# 17. Creating Subplots in Matplotlib

By Bernd Klein. Last modified: 24 Apr 2022.

We have given so far lots of examples for plotting graphs in the previous chapters of our Python tutorial on Matplotlib. A frequently asked question is how to have multiple plots in one graph?

In the simplest case this might mean, that you have one curve and you want another curve printed over it. This is not a problem, because it will be enough to put the two plots in your scripts, as we have seen before. The more interesting case is, if you want two plots beside of each other for example. In one figure but in two subplots. The idea is to have more than one graph in one window and each graph appears in its own subplot.

We will demonstrate in our examples how this can be accomplished with the funtion subplots.

## Creating Subplots with subplots The function subplot create a figure and a set of subplots. It is a wrapper function to make it convenient to create common layouts of subplots, including the enclosing figure object, in a single call.

This function returns a figure and an Axes object or an array of Axes objects.

If we call this function without any parameters - like we do in the following example - a Figure object and one Axes object will be returned:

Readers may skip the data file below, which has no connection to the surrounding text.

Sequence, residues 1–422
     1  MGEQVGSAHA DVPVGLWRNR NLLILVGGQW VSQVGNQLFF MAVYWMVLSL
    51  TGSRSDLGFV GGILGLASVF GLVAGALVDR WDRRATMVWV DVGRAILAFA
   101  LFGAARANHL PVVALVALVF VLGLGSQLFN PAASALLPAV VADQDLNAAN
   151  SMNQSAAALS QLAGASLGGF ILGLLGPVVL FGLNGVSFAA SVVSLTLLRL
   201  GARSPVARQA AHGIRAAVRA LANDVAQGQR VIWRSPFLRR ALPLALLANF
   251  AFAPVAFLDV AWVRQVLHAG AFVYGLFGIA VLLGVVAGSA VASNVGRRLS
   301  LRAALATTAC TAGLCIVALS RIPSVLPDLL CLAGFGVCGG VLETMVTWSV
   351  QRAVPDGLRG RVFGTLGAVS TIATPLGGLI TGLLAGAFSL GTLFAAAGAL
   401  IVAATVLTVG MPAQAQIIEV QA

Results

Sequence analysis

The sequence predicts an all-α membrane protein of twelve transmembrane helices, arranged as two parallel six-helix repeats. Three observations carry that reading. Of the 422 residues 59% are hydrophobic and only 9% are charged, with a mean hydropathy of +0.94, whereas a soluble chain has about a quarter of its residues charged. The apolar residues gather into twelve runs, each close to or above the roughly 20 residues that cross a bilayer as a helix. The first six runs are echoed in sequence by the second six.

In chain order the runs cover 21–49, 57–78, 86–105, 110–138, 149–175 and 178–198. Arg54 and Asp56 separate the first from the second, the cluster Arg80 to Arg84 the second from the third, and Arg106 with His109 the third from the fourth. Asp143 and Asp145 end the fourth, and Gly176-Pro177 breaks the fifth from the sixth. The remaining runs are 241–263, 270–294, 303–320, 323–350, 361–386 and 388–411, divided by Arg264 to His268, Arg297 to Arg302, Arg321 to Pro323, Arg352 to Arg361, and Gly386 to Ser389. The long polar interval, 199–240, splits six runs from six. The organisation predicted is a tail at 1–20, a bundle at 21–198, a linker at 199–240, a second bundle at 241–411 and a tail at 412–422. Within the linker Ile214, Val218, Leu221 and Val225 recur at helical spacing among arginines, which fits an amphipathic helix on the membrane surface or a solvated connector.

import matplotlib.pyplot as plt
fig, ax = plt.subplots()
print(fig, ax)


### OUTPUT:

Figure(432x288) AxesSubplot(0.125,0.125;0.775x0.755) The parameter of subplots function are:

subplots(nrows=1, ncols=1, sharex=False, sharey=False, squeeze=True, subplot_kw=None, gridspec_kw=None, **fig_kw)

Parameter Meaning
nrows, ncols int, optional, default: 1
Number of rows/columns of the subplot grid.
sharex bool or {'none', 'all', 'row', 'col'}, default: False
Controls sharing of properties among x (sharex) axis: If sharex is set to True or all, the x-axis will be shared among all subplots. If sharex is set to False or none, each x-axis of a subplot will be independent. If it is set to row, each subplot row will share an x-axis. If it is set to col, each subplot column will share an x-axis.
sharey analogue to sharex
When subplots have a shared x-axis along a column, only the x tick labels of the bottom subplot are created. Similarly, when subplots have a shared y-axis along a row, only the y tick labels of the first column subplot are created.
squeeze bool, optional, default: True
If squeeze is set to True, extra dimensions are squeezed out from the returned Axes object